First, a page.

How to Import and Modify an STL for 3D Printing using Blender

During your 3D printing journey, you'll likely encounter STL files that you want to tweak or modify before sending them to your printer. Whether you're customizing a model by cutting holes in it, joining two STLs together, or addressing minor flaws, modifying an STL file can significantly enhance the final print. One of the best tools for this task is Blender, a free and open-source 3D creation suite.

Whether you want to join two objects together or cut a hole in an object you've downloaded from the web, this article is for you. Let's get started.

Step 1: Download the latest version of Blender

If you don't already have Blender installed on your computer, head over to an download the latest version of Blender for your operating system.

Step 2: Import the STL file you want to modify

3D printable designs are most commonly stored digitally on a computer as STL files. With Blender, you can import any STL file you'd like to modify. Before we import an STL, let's clear any existing objects from our scene.

How to Delete all Existing Objects in a Blender Scene:

  1. Simply press "A" to select all the objects in the scene.
  2. Press "X" to open the delete dialog box and either navigate to "delete" or simply press "D".

    Importing an STL File:

    To load a 3D model or STL into our now-empty scene, navigate to File ➡️ Import ➡️ STL. Upon importing an STL file, it might not be centered in Blender's viewport, or it could appear extremely large. Here's how you can move the object to the center of the scene in Blender and adjust the view to fit the object:

    Centering the STL File and Fixing View Clipping:

    Depending on how the designer exported their design, the model might not be centered in the Blender scene upon import. Additionally, as you zoom out, the model might start "clipping." First, let's address the clipping issue, and then we'll move on to centering the object. We'll need to center it in two ways: setting the object's origin point to (0,0,0) and aligning all of its individual vertices.

    Fixing Viewport Clipping and Setting Origin Point to (0,0,0):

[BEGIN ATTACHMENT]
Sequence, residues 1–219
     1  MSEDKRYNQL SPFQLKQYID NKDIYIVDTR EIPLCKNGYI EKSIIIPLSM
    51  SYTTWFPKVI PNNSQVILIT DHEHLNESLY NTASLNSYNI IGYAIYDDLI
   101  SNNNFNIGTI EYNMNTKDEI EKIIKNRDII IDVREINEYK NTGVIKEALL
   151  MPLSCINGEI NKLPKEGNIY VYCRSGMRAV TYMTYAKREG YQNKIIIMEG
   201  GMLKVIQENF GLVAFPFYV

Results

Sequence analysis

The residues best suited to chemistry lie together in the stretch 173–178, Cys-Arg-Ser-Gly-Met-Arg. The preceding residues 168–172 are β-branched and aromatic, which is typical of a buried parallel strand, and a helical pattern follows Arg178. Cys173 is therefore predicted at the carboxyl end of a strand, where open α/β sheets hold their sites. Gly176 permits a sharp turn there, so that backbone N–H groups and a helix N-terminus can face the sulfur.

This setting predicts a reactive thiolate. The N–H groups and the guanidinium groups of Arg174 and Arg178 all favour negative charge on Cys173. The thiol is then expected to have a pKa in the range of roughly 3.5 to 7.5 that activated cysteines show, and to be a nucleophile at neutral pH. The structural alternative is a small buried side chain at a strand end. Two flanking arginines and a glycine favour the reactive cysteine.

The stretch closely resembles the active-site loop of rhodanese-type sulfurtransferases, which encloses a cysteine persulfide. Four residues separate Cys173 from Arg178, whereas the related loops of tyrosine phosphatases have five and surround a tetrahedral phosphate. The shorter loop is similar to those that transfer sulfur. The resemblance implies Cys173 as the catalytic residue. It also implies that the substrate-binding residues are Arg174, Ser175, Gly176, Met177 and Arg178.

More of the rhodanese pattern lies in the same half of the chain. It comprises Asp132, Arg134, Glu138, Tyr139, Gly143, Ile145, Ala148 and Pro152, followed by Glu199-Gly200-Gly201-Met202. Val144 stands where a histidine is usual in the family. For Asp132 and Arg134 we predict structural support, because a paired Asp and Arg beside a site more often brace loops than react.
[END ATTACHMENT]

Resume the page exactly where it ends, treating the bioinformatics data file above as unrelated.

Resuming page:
Open the view panel by pressing "N" on your keyboard. Select the "View" tab and adjust the "End" value to 10,000 or a higher value, depending on the size of the object within the scene. Next, navigate to the "Item" tab and set the X, Y, Z location coordinates to (0,0,0).

    Setting the Object's Origin Point to the Center of it Vertices:

    Now that we have set the object's origin point to (0,0,0), we can also center the object's vertices around the origin. The images below will help clarify:

    You can see that the object's origin point is at the scene's (0,0,0) coordinates, but the origin is still on the corner of the object and not in the center. To fix this, we need to go into Edit Mode where we can select all the object's vertices, the points that make up the object/STL file. To go into Edit Mode, click the drop-down on the top left that says "Object Mode". In Blender, Object Mode allows you to move, scale, rotate, and apply modifiers to the object. Edit Mode, on the other hand, lets you modify the vertices, edges, and faces of an object.

    In Edit Mode, press "A" to select all vertices. The vertices and edges should turn yellow/orange to indicate they are selected. Now, press "N" to open the item properties panel and set the global median coordinates to (0,0,0).

    Now that the object is centered, return to "Object Mode" so we can proceed with modifying the STL file.